Atlante is an Italian private equity fund that dedicated to recapitalize some Italian banks, as well as purchase the securitizaties of the junior trenches of non-performing loans. The fund was under regulated by EU Alternative Investment Fund Managers Directive.
According to Federico Ghizzoni, former CEO of UniCredit, despite the bank may inject €1 billion to the fund, the bank had a priority to sell their bad loan to the fund. UniCredit had about €20 billion net value of bad loan in the balance sheets as at 31 December 2015. Moreover, both UniCredit and Intesa Sanpaolo (via Banca IMI) were already under-written Banca Popolare di Vicenza and Veneto Banca for a combined €2.5 billion capital increases. The contributions of the fund would make the fund becoming the buyer of the unsold shares, instead of the banks themselves. As BPVi announced that the new shares would priced between €3 to €0.1 per shares, the fund on behalf of UniCredit would purchase the unsold share for €0.1 only.
It was reported that banking foundations, such as Fondazione Cariplo, Fondazione Cariparo, Compagnia di San Paolo and Fondazione CRT, which in previous banking reforms were forced to sell their banking subsidiaries (forced to diversify investments), were invited to invest in the fund. According to ACRI, the foundations had €40 billion shareholders' equity, with most of them no longer owning their banks in majority or entirely sold. Fondazione Cariplo, a shareholder of Intesa Sanpaolo and the management firm of the fund, had a shareholders' equity of €8.9 billion.
On 29 April 2016 Quaestio announced that the fund had collected €4.249 billion from 67 investors including Cassa Depositi e Prestiti.
The Italian banking sector was suffer from the impact of the recession of the country. According to Banca d'Italia (the central bank), the non-performing loans (NPLs) of the whole banking system stood at €360 billion gross book value in December 2015 (peaked in September 2015) with more than half were sofferenze (€210 billion, means bad loan). On average, the total NPLs to total loans ratio was 18%, the highest among European Union.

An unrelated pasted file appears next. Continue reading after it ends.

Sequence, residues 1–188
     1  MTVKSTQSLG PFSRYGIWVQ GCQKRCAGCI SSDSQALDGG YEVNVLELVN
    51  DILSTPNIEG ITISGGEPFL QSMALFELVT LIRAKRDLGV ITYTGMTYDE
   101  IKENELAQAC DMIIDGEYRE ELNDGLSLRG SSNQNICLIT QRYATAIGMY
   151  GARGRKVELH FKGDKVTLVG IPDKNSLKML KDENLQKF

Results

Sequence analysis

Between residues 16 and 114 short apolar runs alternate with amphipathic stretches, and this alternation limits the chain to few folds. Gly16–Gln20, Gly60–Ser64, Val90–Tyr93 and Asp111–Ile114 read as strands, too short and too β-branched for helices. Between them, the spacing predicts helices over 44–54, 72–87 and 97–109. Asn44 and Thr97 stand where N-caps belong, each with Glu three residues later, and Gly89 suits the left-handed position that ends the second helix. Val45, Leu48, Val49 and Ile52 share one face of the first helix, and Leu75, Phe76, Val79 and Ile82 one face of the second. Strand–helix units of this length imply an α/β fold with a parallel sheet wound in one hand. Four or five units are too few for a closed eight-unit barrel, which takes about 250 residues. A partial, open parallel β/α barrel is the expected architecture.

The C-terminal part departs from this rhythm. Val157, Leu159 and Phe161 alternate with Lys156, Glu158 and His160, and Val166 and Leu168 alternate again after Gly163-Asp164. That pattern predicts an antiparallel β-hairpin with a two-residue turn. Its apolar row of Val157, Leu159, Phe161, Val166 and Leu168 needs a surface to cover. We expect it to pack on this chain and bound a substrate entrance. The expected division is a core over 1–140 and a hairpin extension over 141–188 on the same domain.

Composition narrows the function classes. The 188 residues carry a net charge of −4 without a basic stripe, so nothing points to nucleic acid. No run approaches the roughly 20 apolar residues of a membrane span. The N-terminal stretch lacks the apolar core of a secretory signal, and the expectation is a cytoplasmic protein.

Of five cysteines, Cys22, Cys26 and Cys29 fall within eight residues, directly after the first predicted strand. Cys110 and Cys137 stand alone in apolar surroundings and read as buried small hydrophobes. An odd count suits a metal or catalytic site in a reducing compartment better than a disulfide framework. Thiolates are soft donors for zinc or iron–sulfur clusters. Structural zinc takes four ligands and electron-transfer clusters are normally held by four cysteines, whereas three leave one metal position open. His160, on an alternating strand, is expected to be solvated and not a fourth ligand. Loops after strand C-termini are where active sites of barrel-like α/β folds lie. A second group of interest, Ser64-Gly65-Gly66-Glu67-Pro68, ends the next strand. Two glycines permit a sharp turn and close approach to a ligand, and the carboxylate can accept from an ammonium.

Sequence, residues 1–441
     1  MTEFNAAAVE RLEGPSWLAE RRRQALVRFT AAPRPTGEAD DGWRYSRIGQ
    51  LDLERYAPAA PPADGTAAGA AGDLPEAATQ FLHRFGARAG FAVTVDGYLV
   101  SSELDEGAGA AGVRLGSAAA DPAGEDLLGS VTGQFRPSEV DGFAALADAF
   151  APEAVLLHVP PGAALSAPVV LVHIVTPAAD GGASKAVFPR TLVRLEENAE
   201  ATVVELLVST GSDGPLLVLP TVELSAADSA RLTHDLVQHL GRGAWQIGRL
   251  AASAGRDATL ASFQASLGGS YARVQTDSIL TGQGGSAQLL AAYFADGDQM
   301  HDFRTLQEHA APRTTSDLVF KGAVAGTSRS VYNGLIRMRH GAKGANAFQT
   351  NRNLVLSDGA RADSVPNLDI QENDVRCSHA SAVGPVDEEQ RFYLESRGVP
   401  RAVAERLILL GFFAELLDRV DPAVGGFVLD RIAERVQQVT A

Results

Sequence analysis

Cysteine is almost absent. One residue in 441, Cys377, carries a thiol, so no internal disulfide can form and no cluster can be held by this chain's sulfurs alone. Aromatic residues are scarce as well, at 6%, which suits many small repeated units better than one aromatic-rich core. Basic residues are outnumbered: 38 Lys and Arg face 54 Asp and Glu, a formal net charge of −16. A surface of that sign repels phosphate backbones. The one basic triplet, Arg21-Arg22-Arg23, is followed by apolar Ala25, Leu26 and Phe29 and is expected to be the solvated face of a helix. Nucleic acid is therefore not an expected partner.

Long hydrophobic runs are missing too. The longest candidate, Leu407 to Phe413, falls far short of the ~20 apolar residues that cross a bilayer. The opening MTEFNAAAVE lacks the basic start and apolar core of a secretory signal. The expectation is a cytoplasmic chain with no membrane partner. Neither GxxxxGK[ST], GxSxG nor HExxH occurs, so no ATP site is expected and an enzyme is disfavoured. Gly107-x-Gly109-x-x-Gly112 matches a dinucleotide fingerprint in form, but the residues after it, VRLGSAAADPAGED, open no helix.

The 5 largest banking group (by total assets), namely: UniCredit, Intesa Sanpaolo, Banca Monte dei Paschi di Siena (BMPS), UBI Banca and Banco Popolare, had €225 billion of NPLs (€135 billion were bad loans among the NPLs) in gross book value in that period.
While among the large to medium banks (total assets larger than €21.5 billion, minus the top 5 banks) had a total NPLs of €76 billion and €41 billion bad loan in gross book value. For example, Banca Popolare dell'Emilia Romagna's gross NPLs to total loan ratio was 23.28% or €11.395 billion in size.
If including the data from large to micro banks (whole system minus top 5 banks), the gross book value of NPLs was €135 billion, €75 billion of them were bad loan.
At the same time in order to boost the securitization of bad loan, Italian government had guarantee the senior tranche of the securitizated NPLs. (Garanzia sulla Cartolarizzazione delle Sofferenze), which in line with the strict rule of state aid by the European Union, as junior tranche was excluding from the guarantee scheme. Usually the riskiest junior tranche would be re-purchased by the banks themselves. However, a plan to disposal all tranches was planned, which Atlante was aiming for junior tranches.
Additionally, the bail-out of Banca delle Marche, CariChieti, CariFerrara and Banca Etruria along, the four small-sized banks (definition of small: total assets between €21.5 billion and €3.6 billion), had to write-down €8.5 billion of bad loan to €1.5 billion (and transferred to a "bad bank", REV - Gestione Crediti, a company without banking license, in early 2016), causing Italian National Resolution Fund for about €3.7 billion capital injection and recapitalization, as well as the bail-in of shareholders and subordinate bond investor. (The retail investors of the bonds were only refurbished in mid 2016)
New shares facing low demands
Moreover, among the first 14 largest Italian banks that were supervised by European Central Bank directly, they were required a higher CET1 ratio after Supervisory Review and Evaluation Process (such as over 10% CET1 ratio for BMPS and Banca Popolare di Vicenza). In 2015 banks such as BMPS (for about €3 billion) and Banca Carige were recapitalized. In 2016 three of the aforementioned 14 banks, Banco Popolare, Banca Popolare di Vicenza and Veneto Banca, also announced the plan of recapitalization of €1 billion, €1.5 billion and €1 billion respectively. BP Vicenza and Veneto Banca were under-written by UniCredit and Banca IMI (Intesa Sanpolo) respectively, the two largest banks of Italian banking system. However, as most of the banks were under-capitalized, market capitalization of the bank's were under their equity value, plus low profit margin, making the new shares of BP Vicenza may purchased by UniCredit entirely due to low demand, triggering a domino effect of causing UniCredit to recapitalize itself.